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Autonomous parvoviruses neither stimulate nor are inhibited by the type I interferon response in human normal or cancer cells.

Paglino, Justin C; Andres, Wells; van den Pol, Anthony N.
J Virol ; 88(9): 4932-42, 2014 May.
Artículo en Inglés | MEDLINE | ID: mdl-24554651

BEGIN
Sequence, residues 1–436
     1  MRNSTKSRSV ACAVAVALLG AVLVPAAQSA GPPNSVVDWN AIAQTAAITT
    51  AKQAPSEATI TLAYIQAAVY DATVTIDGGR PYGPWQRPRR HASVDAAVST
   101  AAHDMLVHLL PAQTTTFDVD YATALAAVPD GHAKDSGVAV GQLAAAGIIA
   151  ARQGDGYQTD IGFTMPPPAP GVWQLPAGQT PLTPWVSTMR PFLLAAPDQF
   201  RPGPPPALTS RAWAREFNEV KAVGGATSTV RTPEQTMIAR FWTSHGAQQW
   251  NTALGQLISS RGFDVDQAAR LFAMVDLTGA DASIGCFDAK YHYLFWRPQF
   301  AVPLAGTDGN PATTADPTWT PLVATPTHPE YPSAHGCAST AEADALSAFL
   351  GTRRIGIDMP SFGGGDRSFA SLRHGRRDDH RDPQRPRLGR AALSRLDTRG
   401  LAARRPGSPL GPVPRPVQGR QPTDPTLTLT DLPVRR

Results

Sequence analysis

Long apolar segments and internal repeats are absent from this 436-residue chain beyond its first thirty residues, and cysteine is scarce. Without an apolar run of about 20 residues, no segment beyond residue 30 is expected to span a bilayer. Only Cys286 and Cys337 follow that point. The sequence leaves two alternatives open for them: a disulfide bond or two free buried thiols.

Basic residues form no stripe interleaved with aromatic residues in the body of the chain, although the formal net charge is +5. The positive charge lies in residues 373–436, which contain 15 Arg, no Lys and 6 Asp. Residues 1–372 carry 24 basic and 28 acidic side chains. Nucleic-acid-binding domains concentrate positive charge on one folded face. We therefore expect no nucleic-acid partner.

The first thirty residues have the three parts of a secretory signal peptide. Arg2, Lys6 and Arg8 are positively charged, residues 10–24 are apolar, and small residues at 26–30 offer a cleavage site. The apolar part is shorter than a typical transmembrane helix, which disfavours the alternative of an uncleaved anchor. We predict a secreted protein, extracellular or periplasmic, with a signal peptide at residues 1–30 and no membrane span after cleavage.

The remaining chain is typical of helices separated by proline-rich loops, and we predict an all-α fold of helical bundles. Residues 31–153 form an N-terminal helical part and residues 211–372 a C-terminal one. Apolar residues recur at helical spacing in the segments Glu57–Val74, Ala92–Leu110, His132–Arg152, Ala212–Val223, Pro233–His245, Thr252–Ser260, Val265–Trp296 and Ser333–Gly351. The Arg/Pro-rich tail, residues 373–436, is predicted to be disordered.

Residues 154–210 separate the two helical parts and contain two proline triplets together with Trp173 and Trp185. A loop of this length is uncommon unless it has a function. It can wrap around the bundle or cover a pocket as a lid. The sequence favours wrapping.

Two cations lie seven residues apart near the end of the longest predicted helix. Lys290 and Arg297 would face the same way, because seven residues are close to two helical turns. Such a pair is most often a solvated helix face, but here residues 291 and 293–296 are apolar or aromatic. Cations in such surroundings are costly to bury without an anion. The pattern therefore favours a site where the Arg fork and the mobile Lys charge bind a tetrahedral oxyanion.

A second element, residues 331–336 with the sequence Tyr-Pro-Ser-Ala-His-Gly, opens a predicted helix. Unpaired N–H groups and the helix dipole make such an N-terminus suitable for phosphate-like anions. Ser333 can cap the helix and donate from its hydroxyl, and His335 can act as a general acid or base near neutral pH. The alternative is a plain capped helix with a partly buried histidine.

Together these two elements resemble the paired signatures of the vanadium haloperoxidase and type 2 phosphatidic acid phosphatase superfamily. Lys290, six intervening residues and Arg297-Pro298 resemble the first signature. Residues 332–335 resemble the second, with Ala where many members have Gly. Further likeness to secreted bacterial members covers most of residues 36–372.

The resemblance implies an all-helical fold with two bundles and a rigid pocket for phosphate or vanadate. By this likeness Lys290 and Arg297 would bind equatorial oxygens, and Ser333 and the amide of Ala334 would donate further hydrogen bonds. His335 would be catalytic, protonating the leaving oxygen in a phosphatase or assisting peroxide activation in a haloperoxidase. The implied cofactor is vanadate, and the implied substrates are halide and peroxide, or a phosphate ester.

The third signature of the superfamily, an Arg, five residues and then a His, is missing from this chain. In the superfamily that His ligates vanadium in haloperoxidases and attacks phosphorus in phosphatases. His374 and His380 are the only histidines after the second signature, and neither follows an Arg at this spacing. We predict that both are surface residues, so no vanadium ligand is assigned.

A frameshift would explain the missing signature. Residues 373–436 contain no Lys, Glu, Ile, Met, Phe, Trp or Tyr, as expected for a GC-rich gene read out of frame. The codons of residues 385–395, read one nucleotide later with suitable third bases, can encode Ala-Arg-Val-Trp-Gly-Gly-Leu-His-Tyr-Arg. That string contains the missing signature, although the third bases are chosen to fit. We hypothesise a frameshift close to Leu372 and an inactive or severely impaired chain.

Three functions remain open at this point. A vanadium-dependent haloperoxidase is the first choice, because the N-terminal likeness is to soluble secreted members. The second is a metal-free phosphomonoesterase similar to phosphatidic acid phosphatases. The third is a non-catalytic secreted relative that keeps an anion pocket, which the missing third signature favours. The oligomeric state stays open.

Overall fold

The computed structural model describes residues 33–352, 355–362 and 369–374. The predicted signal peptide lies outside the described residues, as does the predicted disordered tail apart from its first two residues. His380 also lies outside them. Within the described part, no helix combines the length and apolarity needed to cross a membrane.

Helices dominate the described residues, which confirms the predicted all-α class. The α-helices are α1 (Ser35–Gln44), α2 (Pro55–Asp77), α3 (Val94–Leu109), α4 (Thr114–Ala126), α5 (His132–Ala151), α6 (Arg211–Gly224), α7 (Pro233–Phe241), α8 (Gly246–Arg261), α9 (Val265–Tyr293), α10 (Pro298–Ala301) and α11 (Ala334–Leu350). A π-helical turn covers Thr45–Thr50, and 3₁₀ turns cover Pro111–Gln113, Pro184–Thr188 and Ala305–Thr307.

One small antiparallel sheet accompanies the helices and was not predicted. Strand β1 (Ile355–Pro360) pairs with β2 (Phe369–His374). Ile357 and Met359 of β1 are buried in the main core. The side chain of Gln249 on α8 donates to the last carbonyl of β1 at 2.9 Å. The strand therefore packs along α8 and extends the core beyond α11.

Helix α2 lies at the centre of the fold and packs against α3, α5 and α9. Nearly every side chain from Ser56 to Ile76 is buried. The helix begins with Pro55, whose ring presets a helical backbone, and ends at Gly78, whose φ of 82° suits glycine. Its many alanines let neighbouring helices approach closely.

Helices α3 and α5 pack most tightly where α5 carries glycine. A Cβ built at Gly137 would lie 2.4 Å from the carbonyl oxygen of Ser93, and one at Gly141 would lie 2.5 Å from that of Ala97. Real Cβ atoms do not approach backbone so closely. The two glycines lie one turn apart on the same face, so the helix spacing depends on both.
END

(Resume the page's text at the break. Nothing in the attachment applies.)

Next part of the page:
UNLABELLED Members of the genus Parvovirus are small, nonenveloped single-stranded DNA viruses that are nonpathogenic in humans but have potential utility as cancer therapeutics. Because the innate immune response to parvoviruses has received relatively little attention, we compared the response to parvoviruses to that of several other types of viruses in human cells. In normal human glia, fibroblasts, or melanocytes, vesicular stomatitis virus evoked robust beta interferon (IFN-ß) responses. Cytomegalovirus, pseudorabies virus, and Sindbis virus all evoked a 2-log-unit or greater upregulation of IFN-ß in glia; in contrast, LuIII and MVMp parvoviruses did not evoke a detectable IFN-ß or interferon-stimulated gene (ISG; MX1, oligoadenylate synthetase [OAS], IFIT-1) response in the same cell types. The lack of response raised the question of whether parvoviral infection can be attenuated by IFN; interestingly, we found that IFN did not decrease parvovirus (MVMp, LuIII, and H-1) infectivity in normal human glia, fibroblasts, or melanocytes. The same was true in human cancers, including glioma, sarcoma, and melanoma. Similarly, IFN failed to attenuate transduction by the dependovirus vector adeno-associated virus type 2. Progeny production of parvoviruses was also unimpaired by IFN in both glioma and melanoma, whereas vesicular stomatitis virus replication was blocked. Sarcoma cells with upregulated IFN signaling that show high levels of resistance to other viruses showed strong infection by LuIII. Unlike many other oncolytic viruses, we found no evidence that impairment of innate immunity in cancer cells plays a role in the oncoselectivity of parvoviruses in human cells. Parvoviral resistance to the effects of IFN in cancer cells may constitute an advantage in the virotherapy of some tumors. IMPORTANCE Understanding the interactions between oncolytic viruses and the innate immune system will facilitate employing these viruses as therapeutic agents in cancer patients. The cancer-selective nature of some oncolytic viruses is based on the impaired innate immunity of many cancer cells. The parvoviruses H-1, LuIII, and MVM target cancer cells; however, their relationship with the innate immune system is relatively uncharacterized. Surprisingly, we found that these parvoviruses do not evoke an interferon response in normal human fibroblasts, glia, or melanocytes. Furthermore, unlike most other types of virus, we found that parvovirus infectivity is unaffected by interferon treatment of human normal or tumor cells. Finally, parvoviral replication was unimpaired by interferon in four human tumor types, including those with residual interferon functionality. We conclude that deficits in the interferon antiviral response of cancer cells do not contribute to parvoviral oncoselectivity in human cells. The interferon-resistant phenotype of parvoviruses may give them an advantage over interferon-sensitive oncolytic viruses in tumors showing residual interferon functionality.